Graduates of a popular L.V. Rogers outdoor education program say the district’s move to change the course’s avalanche training will ruin it for future students.
School District 8 announced Nov. 25 that the Adventure, Tourism, Leadership and Safety course, more commonly known as ATLAS, will move the location of its avalanche safety component out of the backcountry in order to comply with WorkSafeBC regulations.
The district added it consulted with WorkSafeBC, the B.C. Schools Protection Program and education lawyers experienced with outdoor education before making the change.
Superintendent Trish Smillie said the program will ostensibly remain the same despite the update to its field trip procedures. Backcountry touring, she said, will remain in ATLAS even if the avalanche safety courses happen to be held within the bounds of Whitewater Ski Resort.
“The avalanche training still goes on. They’re just changing locations. And so for those two days, they’ll just be in an area that’s avalanche controlled.”
The ATLAS program, founded in 2006 by LVR teacher Graeme Marshall, teaches backcountry navigation, ski and snowboard touring, first aid, CPR and outdoor survival skills to Grade 12 students from January to June.
The course provides 16 credits toward graduation and includes three different Avalanche Canada certifications.
Marshall declined to comment when contacted by the Nelson Star. He instructed the course last year, but a job posting on the SD8 website advertises an opening for a full-time ATLAS instructor. Asked if Marshall will remain on as the program’s instructor, Smillie said she can’t comment on personnel issues.
Backcountry avalanches are common in the West Kootenay. Avalanche Canada said Thursday there was “considerable” avalanche danger for the area surrounding Nelson, while travel in avalanche terrain wasn’t recommended for nearby Kokanee Glacier Provincial Park and Valhalla Provincial Park.
But that, according to Sam Kitch, is exactly why the training should be held in avalanche terrain.
Kitch graduated from LVR last summer after a semester with the ATLAS program. He thinks moving the safety training out of avalanche terrain undermines the benefits of the course.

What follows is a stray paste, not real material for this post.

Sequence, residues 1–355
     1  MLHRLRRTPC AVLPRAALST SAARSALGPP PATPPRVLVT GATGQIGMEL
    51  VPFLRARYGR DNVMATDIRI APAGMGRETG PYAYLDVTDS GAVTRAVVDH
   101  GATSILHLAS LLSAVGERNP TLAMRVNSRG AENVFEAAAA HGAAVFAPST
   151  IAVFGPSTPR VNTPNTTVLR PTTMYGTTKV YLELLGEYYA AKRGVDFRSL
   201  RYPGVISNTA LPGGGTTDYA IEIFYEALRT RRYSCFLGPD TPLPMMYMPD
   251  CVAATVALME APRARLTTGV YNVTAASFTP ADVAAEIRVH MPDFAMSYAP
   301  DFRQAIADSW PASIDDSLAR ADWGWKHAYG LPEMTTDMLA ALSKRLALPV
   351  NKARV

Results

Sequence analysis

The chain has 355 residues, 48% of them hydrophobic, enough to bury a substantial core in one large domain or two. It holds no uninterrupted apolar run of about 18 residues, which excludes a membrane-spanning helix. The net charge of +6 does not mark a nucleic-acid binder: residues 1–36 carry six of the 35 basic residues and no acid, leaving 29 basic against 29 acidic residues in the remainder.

“Say you go out into the backcountry to do avalanche training, and you go to a flat field where there’s no avalanche danger. You don’t really get much more learning from that than you would sitting in a classroom hearing about it,” said Kitch.
“The whole teaching part of ATLAS is that you are out experiencing these things that you are learning about, and that’s what makes it safe.”
Kitch also said he thinks the district misunderstands the training, which isn’t limited to just two dedicated days but is ongoing during the ski season that runs from January to April.
ATLAS alumna Adonia Martineau agrees with Kitch. The training, she said, teaches students to take outdoor safety seriously. Martineau, who graduated in 2021, added she now avoids backcountry touring with people who haven’t completed a similar program.
“I respect the power of nature so much more. I think it’s really easy to not quite realize how intense that force is. So I actually gained so much respect for avalanches and I think I ended up walking out of the program way more cautious than I was when I went into it.”
Kitch and Martineau also each stressed the importance of Marshall to the program. The teacher made his students feel safe while also being able to show firsthand how to navigate avalanche terrain.
“I think that not allowing kids to have that experience and then then going out into the backcountry nonetheless is really irresponsible,” said Kitch. “It’s actually more dangerous for avalanche safety than continuing ATLAS.”